"Making Digital Heritage Multisensory. Strategies and Political Impact" was the starting point for two keynote speeches and a panel discussion in the third edition of the Research Summit Series. The presentations by Prof. Sarah Kenderdine, École polytechnique fédérale de Lausanne, and Prof. Hiroshi Ishii, MIT Media Lab, on how the intangible can become digital and how the digital can become tangible, illustrated their different approaches.
In his welcoming address, Friedrich Faulhammer, Rector of Danube University Krems, emphasized that the digital age, despite all its future agility, also includes implications for dealing with the past in the form of digital heritage.
Prof. Dr. Oliver Grau, head of the Department of Image Sciences at Danube University Krems, gave a historical overview of the topic complex "Interfaces - Visualizations" in his introduction. In doing so, he spanned an arc from the panoramas of the 18th century to the frescoes of Pompei to digital art at the approx. one hundred festivals specializing in this subject which, however, still barely make it into museums and archives and are on the verge of being lost.
Transformation of the physis in digital worlds
Prof. Dr. Sarah Kenderdine spontaneously transformed her originally planned lecture "Experimental Museology: Sculpting Cultural Data" into "Making Intangible Digital". In doing so, she demonstrated how her artistic research activities represent the counterpart to the works of the second keynote speaker, Prof. Dr. Hiroshi Ishii. In her projects, Sarah Kenderdine largely deals with cultural heritage and uses the latest technologies to offer the audience new approaches to historical works of art or themes. In her corpus of works, she thematizes e.g. 1000 years of Olympic Games, the architecture of Kyoto, Angkor Wat and Hindu mythology as well as historical Kung Fu fighting techniques or the cave paintings of the Australian aborigines. She uses elaborate 360-degree projections as well as motion capture, motion-over-time analyses, 3D reconstructions and immersive videos in the case of Kung Fu. For Kenderdine, reconstructing Kung Fu practices is also a process of critical thinking, including questions of authenticity and authorship.
Making Digital Tangible – bringing haptic to the digital age
Prof. Dr. Hiroshi Ishii's keynote speech was the other side of the coin on Kenderdine's elaborations. His life work revolves around the question of how the eye-centric digital world can also be experienced through the hands. An important step in this discussion was the conception of Tangible Bits, which Ishii dealt with from 1995 to 2010. An important food for thought was the abacus, which for him represents a tangible manifestation of abstract arithmetic principles. In his projects, Ishii prefers to resort to low-threshold objects and modalities of interaction. Projects such as I/O Brush, Urp: Urban Planning Workbench or SandScape intuitively combine tangible objects with computer-aided models. The next phase was "Radical Atoms", where information brushes off the limitations of its pixel environment and adds the element of movement. In his lecture, Ishii also underlined the importance of transdisciplinarity, which surmounts old paradigms by overcoming the individual disciplines.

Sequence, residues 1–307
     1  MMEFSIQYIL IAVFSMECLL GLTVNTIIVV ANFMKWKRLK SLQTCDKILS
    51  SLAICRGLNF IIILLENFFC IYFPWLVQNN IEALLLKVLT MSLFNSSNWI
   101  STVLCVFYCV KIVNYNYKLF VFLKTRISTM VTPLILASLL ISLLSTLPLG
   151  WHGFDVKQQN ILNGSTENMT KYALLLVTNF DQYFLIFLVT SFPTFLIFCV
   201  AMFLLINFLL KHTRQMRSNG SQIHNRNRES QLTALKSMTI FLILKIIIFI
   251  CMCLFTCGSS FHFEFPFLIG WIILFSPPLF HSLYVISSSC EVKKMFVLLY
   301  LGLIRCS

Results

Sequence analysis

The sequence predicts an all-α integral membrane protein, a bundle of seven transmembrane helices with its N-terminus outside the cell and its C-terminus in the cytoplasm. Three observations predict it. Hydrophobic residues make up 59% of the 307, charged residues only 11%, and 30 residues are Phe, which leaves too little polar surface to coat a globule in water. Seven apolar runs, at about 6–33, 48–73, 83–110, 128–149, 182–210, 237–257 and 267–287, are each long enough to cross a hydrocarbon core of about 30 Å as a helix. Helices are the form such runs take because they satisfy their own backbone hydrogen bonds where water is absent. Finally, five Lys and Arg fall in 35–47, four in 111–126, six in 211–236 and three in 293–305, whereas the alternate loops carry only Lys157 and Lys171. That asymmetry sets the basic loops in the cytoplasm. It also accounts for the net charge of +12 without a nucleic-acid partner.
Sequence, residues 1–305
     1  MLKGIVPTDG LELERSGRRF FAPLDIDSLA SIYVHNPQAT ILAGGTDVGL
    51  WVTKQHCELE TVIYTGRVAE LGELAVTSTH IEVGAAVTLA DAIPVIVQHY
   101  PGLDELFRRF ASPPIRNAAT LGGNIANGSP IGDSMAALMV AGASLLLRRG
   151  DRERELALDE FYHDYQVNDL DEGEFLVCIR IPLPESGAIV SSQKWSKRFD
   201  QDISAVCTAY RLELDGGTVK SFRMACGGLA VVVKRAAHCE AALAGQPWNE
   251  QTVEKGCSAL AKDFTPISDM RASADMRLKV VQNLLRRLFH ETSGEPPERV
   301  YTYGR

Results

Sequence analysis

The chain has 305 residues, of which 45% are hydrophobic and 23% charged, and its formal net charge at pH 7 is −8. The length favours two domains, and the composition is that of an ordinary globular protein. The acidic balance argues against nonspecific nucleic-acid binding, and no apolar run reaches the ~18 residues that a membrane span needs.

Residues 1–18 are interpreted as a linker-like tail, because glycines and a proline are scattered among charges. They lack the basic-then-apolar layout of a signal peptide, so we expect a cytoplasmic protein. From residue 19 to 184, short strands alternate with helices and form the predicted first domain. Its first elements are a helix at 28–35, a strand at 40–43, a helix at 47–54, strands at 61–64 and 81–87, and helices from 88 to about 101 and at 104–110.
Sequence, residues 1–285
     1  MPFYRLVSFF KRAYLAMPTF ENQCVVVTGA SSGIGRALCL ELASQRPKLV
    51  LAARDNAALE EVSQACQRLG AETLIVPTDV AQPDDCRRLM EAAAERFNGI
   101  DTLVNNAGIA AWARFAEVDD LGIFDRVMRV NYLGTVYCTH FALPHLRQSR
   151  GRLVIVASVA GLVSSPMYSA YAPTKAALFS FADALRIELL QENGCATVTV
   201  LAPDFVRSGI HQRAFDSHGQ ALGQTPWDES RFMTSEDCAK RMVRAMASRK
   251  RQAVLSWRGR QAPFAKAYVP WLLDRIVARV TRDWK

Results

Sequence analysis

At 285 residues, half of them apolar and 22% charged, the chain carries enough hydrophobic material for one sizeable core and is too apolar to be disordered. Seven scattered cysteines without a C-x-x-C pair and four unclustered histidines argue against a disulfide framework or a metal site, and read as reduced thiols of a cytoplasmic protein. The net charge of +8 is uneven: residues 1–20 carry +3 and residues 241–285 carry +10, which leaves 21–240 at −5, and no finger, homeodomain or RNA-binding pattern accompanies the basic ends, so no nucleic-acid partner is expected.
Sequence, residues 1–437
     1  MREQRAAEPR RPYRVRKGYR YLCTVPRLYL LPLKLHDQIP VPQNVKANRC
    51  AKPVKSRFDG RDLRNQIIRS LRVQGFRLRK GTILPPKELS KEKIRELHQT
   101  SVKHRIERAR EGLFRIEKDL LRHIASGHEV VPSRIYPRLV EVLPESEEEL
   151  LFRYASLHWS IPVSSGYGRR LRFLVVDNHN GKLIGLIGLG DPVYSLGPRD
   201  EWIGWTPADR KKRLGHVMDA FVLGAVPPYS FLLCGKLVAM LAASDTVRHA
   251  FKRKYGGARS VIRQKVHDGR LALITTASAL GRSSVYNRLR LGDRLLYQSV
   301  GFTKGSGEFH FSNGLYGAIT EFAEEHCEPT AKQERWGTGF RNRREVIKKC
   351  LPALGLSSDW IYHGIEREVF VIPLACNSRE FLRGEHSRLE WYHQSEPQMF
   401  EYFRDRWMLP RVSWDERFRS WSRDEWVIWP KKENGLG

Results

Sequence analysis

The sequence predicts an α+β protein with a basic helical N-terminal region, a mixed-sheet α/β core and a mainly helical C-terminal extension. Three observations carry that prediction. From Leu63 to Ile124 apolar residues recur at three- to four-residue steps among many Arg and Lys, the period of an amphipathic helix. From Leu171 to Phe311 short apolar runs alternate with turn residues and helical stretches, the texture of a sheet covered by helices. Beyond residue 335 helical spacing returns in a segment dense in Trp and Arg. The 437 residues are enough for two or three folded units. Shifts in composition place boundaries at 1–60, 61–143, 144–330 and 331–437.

Experts enter into dialogue
For the ensuing discussion, the podium was expanded to include Prof. Dr. Ryszard Kluszczyński, University Łodź, Poland, Ass. Prof. Dr. Morten Søndergaard, Aalborg University, Denmark, and Prof. Dr. Oliver Grau, Department of Image Sciences at Danube University Krems. Further facets of the topic were addressed here, from the nature of (digital) heritage to the participatory and playful approach in Kenderdine's work to the critical distance that would be called into question by this approach. Walter Benjamin's concept of aura, which is explained in his essay "Das Kunstwerk im Zeitalter seiner technischen Reproduzierbarkeit" ("The work of art in the age of its technical reproducibility"), was treated in the context of digital art. The question of whether a digital replica can damage or even strengthen the aura of a work was controversially discussed. Søndergaard pointed out that the destruction of the aura can open up new access to the work, while Kluszczyński saw the origin of the aura purely in the motif and not in the mediating medium. The event made a unanimous appeal to take the necessary steps to adequately document digital cultural heritage in archives and to exhibit and preserve it in our collections, which could be achieved through better networking of memorial institutions. The audience was also able to participate in the discussion moderated by Wendy Coones, M.Ed. of the Department of Image Sciences. This opportunity was also available via e-mail and social media to interested parties who followed the Research Summit in live stream.
About the Research Summit Series
The Research Summit Series of conferences is hosted alternately by three faculties and departments at Danube University Krems. Here, internationally renowned researchers discuss societal challenges and topical issues. This time the event was organized by the Faculty of Education, Arts and Architecture and the Department for Image Sciences.